Ministers have temporarily withdrawn the proposal to slash maximum parking fines from £100 to £50


Drivers will continue to face parking charges of up to £100 after the Private Parking Code of Practice was temporarily withdrawn by minsters pending review earlier this month.

The introduction of official guidance on the code of conduct for operators has been delayed after parking firms launched legal action to challenge the proposal.

Several private parking firms have since been branded ‘bullies’ after starting the legal action against the new code of practice, which aimed to cut private parking charges in half from £100 to £50 and provide drivers with more powers to dispute unfair tickets. 

Plans to also ban debt collectors from hounding motorists who do not pay within a time limit are not likely to go ahead after the Government backed down from the legal challenges. 

Private firms reportedly issue roughly 22,000 parking tickets every day, essentially extorting motorists according to the Parliamentary Under-Secretary for Levelling Up, Neil O’Brien

In February, the Government announced plans to implement the new code of practice that would crack down on private car parking firms and cut charges by up to 50 per cent across England, Wales and Scotland. 

Typically, parking charges would be capped at £70 outside of London, and £130 in the capital, with an early payment discount of 50 percent. 

The Department of Levelling Up, Housing and Communities unveiled the plans to reduce parking charges for drivers and make appeals simpler in a bid to encourage consumers to support their local high street.

According to the submitted proposal, Minister Neil O’Brien wrote: ‘Key to helping our local high streets and town centres roar back into life as part of our recovery from COVID, is encouraging more people to shop local and support local businesses.

‘Yet, poll after poll – both before and during the pandemic – shows that a lack of cheap, easy parking is one of the greatest barriers to people visiting their local high street.’

Private firms reportedly issue roughly 22,000 parking charges every day, essentially extorting motorists according to the Parliamentary Under-Secretary for Levelling Up.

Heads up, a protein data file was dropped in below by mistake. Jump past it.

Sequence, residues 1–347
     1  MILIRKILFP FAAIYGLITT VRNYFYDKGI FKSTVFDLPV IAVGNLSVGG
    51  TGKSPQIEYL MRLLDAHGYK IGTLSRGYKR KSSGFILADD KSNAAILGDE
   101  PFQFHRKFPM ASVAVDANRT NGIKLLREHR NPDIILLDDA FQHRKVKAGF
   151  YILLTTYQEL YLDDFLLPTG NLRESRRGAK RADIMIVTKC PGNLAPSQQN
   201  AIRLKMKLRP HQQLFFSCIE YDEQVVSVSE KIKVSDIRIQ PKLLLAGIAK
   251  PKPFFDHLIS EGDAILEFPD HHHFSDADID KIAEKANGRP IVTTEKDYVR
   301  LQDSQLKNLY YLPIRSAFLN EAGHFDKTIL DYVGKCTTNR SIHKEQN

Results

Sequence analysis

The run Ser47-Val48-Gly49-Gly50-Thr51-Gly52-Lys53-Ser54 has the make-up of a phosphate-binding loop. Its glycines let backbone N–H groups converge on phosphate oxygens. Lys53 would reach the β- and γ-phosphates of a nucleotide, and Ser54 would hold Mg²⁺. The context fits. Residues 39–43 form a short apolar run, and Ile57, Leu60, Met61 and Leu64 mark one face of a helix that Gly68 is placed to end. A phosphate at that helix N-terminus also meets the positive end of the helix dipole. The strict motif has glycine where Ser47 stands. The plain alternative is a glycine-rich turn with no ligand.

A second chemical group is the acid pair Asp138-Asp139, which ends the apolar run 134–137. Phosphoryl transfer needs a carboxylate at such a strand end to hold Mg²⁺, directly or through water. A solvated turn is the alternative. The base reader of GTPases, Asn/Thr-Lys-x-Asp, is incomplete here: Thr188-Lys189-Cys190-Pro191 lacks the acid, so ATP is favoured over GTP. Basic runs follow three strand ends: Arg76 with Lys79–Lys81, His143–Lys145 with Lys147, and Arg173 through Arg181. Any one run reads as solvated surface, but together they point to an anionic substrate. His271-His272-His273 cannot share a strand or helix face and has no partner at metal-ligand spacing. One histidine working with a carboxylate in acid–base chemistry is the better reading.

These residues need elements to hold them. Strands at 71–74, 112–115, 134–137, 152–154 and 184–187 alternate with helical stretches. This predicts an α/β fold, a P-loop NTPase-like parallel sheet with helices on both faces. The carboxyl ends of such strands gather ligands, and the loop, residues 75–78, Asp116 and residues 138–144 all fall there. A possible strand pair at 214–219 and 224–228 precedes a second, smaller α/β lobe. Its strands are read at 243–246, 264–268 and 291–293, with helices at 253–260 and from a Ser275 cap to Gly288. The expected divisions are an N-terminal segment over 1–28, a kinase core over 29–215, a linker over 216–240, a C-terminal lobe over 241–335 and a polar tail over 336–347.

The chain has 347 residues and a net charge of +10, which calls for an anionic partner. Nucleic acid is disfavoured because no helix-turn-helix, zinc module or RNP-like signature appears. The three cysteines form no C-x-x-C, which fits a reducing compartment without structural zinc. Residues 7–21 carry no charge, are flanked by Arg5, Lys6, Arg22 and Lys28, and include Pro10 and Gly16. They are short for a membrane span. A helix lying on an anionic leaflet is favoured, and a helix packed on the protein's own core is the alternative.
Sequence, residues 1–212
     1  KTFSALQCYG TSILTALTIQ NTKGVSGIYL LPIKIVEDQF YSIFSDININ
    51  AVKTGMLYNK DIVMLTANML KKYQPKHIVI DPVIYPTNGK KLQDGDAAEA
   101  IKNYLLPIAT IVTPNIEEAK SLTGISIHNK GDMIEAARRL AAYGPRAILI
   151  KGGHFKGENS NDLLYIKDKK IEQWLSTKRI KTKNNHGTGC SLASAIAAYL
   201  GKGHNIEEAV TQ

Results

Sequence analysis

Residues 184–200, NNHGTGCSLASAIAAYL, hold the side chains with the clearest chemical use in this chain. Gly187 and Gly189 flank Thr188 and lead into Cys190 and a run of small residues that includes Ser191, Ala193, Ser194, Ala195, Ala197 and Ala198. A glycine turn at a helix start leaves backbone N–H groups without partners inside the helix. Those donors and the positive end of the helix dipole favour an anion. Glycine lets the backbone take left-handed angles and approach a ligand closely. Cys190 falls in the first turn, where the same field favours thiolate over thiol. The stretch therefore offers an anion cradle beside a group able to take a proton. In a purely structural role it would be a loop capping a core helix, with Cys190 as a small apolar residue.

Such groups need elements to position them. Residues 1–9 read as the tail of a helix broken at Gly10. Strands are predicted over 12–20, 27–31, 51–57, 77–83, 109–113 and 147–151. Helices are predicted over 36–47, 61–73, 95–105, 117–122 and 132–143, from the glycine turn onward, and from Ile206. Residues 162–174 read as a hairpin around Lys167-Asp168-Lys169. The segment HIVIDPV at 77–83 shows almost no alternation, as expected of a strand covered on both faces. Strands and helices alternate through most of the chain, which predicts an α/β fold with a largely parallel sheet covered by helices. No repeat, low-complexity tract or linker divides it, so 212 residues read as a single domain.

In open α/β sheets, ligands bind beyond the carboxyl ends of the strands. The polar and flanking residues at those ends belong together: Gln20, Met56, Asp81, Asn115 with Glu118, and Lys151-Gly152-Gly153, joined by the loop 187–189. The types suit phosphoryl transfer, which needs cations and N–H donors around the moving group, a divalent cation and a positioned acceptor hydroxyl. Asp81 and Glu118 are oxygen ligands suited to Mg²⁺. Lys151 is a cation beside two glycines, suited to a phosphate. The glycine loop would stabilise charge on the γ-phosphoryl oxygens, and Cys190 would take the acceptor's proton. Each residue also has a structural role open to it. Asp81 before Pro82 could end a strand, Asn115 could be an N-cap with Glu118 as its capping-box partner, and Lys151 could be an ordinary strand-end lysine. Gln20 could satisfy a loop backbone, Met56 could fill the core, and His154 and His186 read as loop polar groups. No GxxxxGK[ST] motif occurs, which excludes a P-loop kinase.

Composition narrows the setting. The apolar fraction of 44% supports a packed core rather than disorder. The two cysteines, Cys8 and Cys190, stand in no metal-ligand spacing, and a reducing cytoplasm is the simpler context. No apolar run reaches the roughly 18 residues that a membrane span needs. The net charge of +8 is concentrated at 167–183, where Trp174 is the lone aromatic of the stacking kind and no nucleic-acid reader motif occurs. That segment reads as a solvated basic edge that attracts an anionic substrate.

O’Brien added that these private firms: ‘often adopt a labyrinthine system of misleading and confusing signage, opaque appeals services, aggressive debt collection and unreasonable fees designed to extort money from motorists.

‘Apart from their inherent unfairness, these practices damage our high-streets, our towns and our city centres. We are determined to bring them to an end.’  

However, motorists have been left in the dark after Whitehall sources confirmed that officials ‘conceded’ to parking firms’ and the proposal was officially tabled on 7 June pending review.

The prospect of ‘Wild West’ parking firms continuing to issue charges of up to £100 is a blow for motorists amid the cost of living crisis, and is also bad news for the thousands who refuse to pay charges after protesting that they were treated unfairly.  

Other measures, such as a compulsory ten-minute grace period before firms can issue a charge to drivers whose tickets have expired, will go ahead.

As will the plans to create a simpler and fairer independent appeals process to give more support to drivers in cases of honest mistakes, such as keying in the wrong vehicle number plate at a ticket machine. 

The private firms argued that the legal case for the measures were not strong enough, and the Government is now set to consult more widely on the measures in the hope that the legal case can be strengthened.

Parking firms have also argued that the current cap should be increased to £120. 

They claim reducing it to £50 would lead to more drivers flouting parking rules because a ticket, if paid at a discounted rate within 14 days, could be cheaper than paying for parking.

Usually there is a discount if a driver pays a charge earlier – typically £60 rather than £100. If a driver appeals the charge, this is frozen while it is investigated.

If the private firm decides the charge stands, drivers have to take it through POPLA – an independent appeals service. 

It’s deeply disappointing that the code has been temporarily withdrawn which now almost certainly means yet more delays in it being introduced. Drivers have a right to feel infuriated.

RAC head of roads policy Nicholas Lyes said: ‘The new private parking code of practice was designed specifically to make things fairer for drivers and end some of the worst practices in the sector. 

‘It’s deeply disappointing that the code has been temporarily withdrawn which now almost certainly means yet more delays in it being introduced. Drivers have a right to feel infuriated.

‘The fact that parking companies take issue with the capping of charge notices and debt recovery fees shows precisely why both the code and the cap are needed. 

‘For too long, some companies have been allowed to prey mercilessly on drivers who might make an honest mistake and then have to face both over-zealous enforcement and threatening debt recovery letters. 

‘The Government must stand up to these companies and get the code over the line so we finally have fair and transparent enforcement in the private parking sector.’

AA president Edmund King added: ‘For too long, private parking enforcement has been allowed to degenerate into a Wild West where cowboy operators have been able to ride into a town and set their own rules and punishments.

‘The judicial reviews are a setback but the Government must hold firm and restore order among those who like to bully motorists.’

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